Algeria is on track to launch its second satellite system, Alsat-2, in late 2008, revealed a top space official this week (30 October).
The director-general of Algeria's space agency ASAL, Azzedine Oussedik, was speaking at an international workshop, 'Weather change and the role of space technologies', held in Algiers.
Alsat-2 will collect high-quality images for mapping, forestry, managing agricultural resources and natural disasters, locating minerals and oil for mining, and monitoring locust swarms.
The Alsat-2 programme includes setting up a base in Arzew, western Algeria, where the images will be analysed and from which the satellites can be controlled.
Oussedik told SciDev.Net, "The project is progressing normally."
The Alsat-2 system consists of two satellites, Alsat-2A and Alsat-2B.
Thirty Algerian researchers were trained in Toulouse, France, last year and will be helped by a French team to launch the Alsat-2A satellite in late 2008, says Oussedik. They will send the Alsat-2B satellite into orbit in 2009 without further French assistance.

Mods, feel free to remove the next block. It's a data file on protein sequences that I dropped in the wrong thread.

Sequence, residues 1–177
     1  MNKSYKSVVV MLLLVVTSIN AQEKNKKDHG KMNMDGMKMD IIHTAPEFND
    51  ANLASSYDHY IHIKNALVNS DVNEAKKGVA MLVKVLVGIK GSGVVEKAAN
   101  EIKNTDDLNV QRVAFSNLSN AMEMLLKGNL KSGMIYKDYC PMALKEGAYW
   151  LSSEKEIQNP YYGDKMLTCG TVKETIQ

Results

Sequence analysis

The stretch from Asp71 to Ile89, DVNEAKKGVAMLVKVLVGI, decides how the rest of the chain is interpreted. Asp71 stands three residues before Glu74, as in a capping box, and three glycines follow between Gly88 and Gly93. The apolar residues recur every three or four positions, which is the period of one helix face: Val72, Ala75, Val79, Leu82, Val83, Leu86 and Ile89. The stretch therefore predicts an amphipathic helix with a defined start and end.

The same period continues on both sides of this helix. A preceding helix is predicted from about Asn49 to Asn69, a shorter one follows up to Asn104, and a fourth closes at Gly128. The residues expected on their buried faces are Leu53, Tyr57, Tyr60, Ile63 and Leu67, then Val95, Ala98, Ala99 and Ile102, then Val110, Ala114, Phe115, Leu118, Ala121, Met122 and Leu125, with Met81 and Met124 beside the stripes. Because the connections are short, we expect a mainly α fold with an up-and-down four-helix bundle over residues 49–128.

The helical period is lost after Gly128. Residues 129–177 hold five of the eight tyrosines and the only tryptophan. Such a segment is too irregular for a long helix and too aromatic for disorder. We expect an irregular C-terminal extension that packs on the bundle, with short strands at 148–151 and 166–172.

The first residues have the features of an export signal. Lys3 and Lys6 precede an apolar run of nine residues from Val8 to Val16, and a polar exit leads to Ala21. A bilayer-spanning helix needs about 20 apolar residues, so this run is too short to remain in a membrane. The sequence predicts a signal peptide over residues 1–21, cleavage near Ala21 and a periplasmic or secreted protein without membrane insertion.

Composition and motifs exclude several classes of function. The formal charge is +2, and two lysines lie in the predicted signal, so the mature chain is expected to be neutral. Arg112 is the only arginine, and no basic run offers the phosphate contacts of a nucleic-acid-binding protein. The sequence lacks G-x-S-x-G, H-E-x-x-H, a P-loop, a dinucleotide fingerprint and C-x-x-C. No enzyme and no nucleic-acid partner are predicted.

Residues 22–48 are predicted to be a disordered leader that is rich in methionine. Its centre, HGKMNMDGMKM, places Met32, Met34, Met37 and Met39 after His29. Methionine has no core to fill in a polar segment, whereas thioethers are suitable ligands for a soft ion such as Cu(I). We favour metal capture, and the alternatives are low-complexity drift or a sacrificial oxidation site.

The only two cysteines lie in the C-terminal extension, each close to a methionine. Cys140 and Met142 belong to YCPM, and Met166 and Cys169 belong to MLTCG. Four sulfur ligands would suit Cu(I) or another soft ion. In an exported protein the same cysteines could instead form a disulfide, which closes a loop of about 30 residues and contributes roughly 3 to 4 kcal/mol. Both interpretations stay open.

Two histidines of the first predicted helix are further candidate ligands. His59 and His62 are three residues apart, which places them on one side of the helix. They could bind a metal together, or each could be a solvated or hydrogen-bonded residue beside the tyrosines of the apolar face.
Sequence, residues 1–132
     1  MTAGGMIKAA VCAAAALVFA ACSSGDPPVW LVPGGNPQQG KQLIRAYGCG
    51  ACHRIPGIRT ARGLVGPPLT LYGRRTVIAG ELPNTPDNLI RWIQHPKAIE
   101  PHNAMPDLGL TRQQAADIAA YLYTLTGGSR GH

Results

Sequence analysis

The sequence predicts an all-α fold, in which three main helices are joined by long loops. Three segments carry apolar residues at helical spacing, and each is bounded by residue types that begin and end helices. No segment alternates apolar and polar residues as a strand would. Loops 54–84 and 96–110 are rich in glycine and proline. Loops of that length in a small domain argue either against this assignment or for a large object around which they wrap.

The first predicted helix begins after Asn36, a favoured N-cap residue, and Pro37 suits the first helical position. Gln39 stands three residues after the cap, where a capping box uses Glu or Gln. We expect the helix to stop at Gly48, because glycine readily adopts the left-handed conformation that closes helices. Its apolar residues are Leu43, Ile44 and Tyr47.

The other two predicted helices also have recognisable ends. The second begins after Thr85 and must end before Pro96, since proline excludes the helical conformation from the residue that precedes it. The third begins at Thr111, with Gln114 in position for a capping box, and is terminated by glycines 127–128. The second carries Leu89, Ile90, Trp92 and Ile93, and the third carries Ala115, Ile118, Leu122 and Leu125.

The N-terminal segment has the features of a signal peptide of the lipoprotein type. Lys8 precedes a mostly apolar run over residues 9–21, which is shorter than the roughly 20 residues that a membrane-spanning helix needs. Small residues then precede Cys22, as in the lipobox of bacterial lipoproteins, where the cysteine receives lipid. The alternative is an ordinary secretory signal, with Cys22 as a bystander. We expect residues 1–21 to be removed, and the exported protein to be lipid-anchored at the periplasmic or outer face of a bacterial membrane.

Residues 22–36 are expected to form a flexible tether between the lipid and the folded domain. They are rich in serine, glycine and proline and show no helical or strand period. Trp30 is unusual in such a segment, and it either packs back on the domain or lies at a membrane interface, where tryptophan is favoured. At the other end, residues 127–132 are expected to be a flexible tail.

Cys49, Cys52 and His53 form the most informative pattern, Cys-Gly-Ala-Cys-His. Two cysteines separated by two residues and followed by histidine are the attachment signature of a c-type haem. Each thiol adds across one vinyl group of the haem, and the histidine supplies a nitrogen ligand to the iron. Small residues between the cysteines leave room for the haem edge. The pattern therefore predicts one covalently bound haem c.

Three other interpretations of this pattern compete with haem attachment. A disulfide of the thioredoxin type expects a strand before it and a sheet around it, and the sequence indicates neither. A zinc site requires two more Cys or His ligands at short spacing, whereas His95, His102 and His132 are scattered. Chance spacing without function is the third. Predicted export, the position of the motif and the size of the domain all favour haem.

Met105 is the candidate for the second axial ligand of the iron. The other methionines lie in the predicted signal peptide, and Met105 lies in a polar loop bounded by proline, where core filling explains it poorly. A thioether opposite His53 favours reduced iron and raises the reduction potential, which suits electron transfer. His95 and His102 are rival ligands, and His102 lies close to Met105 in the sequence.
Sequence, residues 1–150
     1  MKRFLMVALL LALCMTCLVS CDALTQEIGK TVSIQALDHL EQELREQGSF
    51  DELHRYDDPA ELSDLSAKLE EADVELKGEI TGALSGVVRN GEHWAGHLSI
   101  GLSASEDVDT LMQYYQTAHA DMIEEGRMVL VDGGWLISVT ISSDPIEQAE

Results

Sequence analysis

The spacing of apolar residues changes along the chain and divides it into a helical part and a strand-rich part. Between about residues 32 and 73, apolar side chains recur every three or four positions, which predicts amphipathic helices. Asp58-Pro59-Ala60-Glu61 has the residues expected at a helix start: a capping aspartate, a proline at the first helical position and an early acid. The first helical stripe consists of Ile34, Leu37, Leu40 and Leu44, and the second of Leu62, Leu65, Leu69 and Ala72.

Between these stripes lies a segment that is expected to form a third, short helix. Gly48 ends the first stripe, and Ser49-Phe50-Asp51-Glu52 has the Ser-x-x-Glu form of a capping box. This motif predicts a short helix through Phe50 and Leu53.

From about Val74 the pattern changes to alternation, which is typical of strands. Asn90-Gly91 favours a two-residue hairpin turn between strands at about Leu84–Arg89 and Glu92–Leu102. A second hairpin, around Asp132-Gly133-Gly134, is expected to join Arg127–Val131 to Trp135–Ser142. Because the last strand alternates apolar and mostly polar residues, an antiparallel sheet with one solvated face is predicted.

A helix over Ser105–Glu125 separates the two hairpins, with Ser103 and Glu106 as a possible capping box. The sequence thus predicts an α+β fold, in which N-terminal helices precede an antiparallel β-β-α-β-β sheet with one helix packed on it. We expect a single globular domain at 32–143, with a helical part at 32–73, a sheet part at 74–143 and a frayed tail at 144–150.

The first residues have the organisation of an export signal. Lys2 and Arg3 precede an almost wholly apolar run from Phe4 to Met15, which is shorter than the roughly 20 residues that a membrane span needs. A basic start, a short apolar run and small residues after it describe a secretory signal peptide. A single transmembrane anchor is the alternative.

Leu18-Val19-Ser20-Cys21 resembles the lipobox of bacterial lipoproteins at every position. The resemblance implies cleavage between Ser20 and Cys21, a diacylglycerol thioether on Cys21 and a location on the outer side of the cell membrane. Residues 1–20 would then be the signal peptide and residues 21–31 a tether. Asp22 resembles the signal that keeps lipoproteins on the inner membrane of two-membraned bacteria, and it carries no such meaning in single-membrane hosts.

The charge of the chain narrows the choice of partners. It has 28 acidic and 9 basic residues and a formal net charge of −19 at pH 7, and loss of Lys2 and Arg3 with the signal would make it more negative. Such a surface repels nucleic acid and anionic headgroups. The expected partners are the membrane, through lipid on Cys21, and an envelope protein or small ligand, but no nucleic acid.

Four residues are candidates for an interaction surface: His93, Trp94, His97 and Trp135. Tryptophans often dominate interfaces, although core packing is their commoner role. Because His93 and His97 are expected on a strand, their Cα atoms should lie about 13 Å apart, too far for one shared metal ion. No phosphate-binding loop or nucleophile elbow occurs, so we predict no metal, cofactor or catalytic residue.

Oussedik says the total cost of the project could reach US$16–17 million.
Algeria's first satellite, Alsat-1, was launched five years ago for monitoring disasters.
Alsat-2 is part of the Algerian space programme for 2006–20, which has been allocated a budget of about US$1.3 billion.
The programme aims ″to master and develop technology and human resources and put space science at the service of sustainable development″.
Once the launch of Alsat-2 is complete, there are plans for a communications satellite that will allow the country to be independent of international telecommunication services. Ten satellites are planned in total under the present programme.